Senate Committee to Hold Hearings on Tax Reform Implementation

Next Wednesday, the Senate Finance Committee will hold two hearings that will touch on the implementation of tax reform. According to the majority’s press release, the first hearing will “examine the administration’s Fiscal Year (FY) 2019 budget request for the Treasury Department and to discuss the implementation of the largest tax overhaul in more than three decades” and the second hearing will “review the president’s budget request for the Internal Revenue Service (IRS), which will also focus on the agency’s tax reform rollout.”

Both Treasury Secretary Steven Mnuchin and Acting IRS Commissioner David Kautter will testify at the hearing.


Executive & Regulatory News IconExecutive & Regulatory News

Treasury Releases Second Quarter Update to 2017-18 Priority Guidance

Yesterday, the U.S. Department of Treasury and IRS released their second quarter update to the 2017-18 Priority Guidance, which was first released in October 2017. The priority guidance plan identifies and prioritizes tax issues that the agency aims to address through regulations or revenue rulings, revenue procedures, notices, and guidance throughout the upcoming year.

The updated plan specifically covers 18 projects that the department and agency plan to prioritize for implementing the new tax law. Those which will impact philanthropy and charitable organizations include guidance on:

The Council is examining these three points and will provide more information as it becomes available. If you have questions or comments about this, please email us at govt@cof.org.


State Policy IconHappening in the States

Exclusive from our colleagues at the National Council of Nonprofits.

National Council of Nonprofits logo

Property Tax Measures Place Pressures on Nonprofits

With forty-one legislatures back in session (as of today), legislation introduced across the country could help and harm nonprofits. First the good news; a bill in Colorado seeks to provide relief to some religious organizations by eliminating ownership as a requirement to qualify for the tax exemption for property that is used solely and exclusively for religious purposes. The Church Property Tax Fairness Act reportedly is aimed at helping start-up churches that rent facilities before they can afford to build their own sanctuaries.

A Kentucky bill would add language clarifying that residents of senior living communities owned by a purely public charity using income to further the mission of the organization should also be exempted from property tax payments. The issue is moving simultaneously with a lawsuit making its way through the Commonwealth courts. If not addressed statutorily, the door could be open to threats to property and other tax exemptions in the Bluegrass State. Less favorable, Nebraska’s Governor is proposing a refundable tax credit for property tax payments and the repeal of the personal property tax exemption. Nonprofits are concerned that the proposal would further exacerbate budget woes in the state, which will place additional pressures on charitable organizations to provide services without additional funding and perhaps placing nonprofit property tax exemption at risk in the future.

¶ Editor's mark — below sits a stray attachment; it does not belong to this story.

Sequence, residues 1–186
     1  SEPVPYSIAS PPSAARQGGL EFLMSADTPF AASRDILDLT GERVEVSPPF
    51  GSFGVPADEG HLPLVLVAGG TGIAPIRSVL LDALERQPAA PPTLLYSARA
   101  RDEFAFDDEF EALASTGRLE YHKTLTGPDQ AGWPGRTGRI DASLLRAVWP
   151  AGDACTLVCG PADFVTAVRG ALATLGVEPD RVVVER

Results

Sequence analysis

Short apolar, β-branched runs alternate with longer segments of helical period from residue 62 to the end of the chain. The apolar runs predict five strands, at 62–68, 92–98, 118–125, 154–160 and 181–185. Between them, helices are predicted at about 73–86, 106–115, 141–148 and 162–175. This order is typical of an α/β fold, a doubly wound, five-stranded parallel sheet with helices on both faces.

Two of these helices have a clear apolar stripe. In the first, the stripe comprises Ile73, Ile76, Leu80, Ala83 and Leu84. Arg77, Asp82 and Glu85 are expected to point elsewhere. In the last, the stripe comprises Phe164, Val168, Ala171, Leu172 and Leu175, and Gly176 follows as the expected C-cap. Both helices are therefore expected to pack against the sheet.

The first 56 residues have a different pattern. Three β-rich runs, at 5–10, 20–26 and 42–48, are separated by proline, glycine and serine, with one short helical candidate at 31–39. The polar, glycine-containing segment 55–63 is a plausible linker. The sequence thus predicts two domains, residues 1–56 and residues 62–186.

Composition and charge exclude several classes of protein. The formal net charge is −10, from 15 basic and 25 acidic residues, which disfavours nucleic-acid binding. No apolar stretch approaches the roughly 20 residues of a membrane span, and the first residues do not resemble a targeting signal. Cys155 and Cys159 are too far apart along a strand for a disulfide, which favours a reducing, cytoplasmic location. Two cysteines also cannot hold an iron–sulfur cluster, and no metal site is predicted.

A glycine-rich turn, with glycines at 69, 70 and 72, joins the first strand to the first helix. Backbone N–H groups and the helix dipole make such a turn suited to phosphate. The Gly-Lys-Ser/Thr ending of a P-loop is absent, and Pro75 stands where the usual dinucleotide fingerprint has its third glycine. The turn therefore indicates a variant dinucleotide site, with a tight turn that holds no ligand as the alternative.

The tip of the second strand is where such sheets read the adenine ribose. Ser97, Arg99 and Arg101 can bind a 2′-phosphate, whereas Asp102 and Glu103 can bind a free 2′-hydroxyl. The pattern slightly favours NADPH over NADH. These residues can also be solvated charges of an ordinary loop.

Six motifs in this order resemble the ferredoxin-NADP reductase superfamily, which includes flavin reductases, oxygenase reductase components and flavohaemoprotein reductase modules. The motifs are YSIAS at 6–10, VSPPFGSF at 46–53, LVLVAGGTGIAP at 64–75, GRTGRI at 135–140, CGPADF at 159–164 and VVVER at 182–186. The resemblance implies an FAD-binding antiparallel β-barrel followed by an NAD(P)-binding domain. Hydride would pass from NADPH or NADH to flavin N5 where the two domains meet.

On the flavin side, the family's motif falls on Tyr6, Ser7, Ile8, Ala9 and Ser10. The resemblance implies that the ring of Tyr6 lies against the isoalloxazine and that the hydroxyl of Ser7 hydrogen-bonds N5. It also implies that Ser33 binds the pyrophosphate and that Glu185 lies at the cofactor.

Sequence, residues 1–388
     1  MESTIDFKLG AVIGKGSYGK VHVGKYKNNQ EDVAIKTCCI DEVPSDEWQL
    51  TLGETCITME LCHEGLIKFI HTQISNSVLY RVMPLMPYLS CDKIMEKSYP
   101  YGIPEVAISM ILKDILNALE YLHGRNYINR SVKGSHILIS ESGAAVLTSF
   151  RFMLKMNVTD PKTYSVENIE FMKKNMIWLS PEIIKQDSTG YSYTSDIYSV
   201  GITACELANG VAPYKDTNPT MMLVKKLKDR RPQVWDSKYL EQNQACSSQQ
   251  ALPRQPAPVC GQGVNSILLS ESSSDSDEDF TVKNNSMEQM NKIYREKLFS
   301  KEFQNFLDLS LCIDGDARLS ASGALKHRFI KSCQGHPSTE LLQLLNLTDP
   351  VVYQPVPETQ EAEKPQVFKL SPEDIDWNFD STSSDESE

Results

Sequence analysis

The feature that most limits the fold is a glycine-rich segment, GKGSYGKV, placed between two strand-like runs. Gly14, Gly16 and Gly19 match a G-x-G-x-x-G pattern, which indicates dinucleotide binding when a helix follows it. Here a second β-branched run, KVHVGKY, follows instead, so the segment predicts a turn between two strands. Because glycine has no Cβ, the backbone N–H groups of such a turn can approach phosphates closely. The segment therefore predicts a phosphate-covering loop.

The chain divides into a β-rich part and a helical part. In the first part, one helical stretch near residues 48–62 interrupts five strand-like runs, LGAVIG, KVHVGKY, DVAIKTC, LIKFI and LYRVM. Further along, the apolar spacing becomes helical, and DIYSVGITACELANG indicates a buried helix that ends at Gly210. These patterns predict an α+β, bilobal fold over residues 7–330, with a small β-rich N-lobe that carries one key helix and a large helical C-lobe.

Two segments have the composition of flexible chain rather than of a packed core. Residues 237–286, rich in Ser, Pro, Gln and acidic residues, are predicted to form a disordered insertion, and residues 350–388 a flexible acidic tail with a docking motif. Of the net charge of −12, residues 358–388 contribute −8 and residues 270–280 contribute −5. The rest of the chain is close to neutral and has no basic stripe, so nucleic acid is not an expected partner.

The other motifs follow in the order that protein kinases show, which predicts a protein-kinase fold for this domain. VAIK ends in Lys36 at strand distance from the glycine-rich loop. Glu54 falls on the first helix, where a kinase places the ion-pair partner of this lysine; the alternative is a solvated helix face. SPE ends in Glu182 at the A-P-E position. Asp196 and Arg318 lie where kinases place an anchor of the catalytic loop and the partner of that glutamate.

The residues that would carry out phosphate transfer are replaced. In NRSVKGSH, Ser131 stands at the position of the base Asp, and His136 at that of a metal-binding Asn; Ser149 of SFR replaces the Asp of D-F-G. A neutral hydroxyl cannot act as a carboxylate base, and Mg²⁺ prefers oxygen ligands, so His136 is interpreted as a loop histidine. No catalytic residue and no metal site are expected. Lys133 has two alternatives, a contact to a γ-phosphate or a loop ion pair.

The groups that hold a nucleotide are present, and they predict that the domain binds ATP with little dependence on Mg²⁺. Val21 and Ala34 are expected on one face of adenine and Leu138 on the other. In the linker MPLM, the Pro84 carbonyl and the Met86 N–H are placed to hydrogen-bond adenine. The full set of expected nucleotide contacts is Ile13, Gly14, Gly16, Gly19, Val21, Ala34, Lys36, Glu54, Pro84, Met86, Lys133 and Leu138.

Medicaid Work Requirements Challenged in Court

Shortly after Kentucky Governor Bevin received federal approval for a Medicaid waiver that includes a work requirement, he signed a preemptive executive order directing termination of the Commonwealth’s Medicaid expansion program affecting more than 400,000 persons should the work requirement or other provision be successfully challenged in court. His preemptive action did not ward off legal challenge as three nonprofits, the Southern Poverty Law Center, the National Health Law Program, and the Kentucky Equal Justice Center, recently filed a lawsuit against the U.S. Department of Health and Human Services (HHS) challenging the waiver based on inclusion of the work requirement. Medicaid, unlike other social services, is solely designed to provide health services and cannot be used to impose work or volunteer requirements, the plaintiffs assert. The lawsuit focuses on the scope of HHS’s authority, alleging that “authorization of work and community engagement requirements is categorically outside the scope.” Kentucky is one of ten states that have asked for work or volunteer requirements for Medicaid beneficiaries. Indiana received approval last week to require recipients to work or volunteer at least 20 hours per week.

Tiffany Gourley Carter of the National Council of Nonprofits explains the dangers of mandatory volunteerism as a requirement for Medicaid eligibility in this new video. More detail on mandatory volunteerism and its effects on nonprofits can be found in the blog, "Don’t Take Away the Commitment to Giving Back."

INTHESTATES.png

Add new comment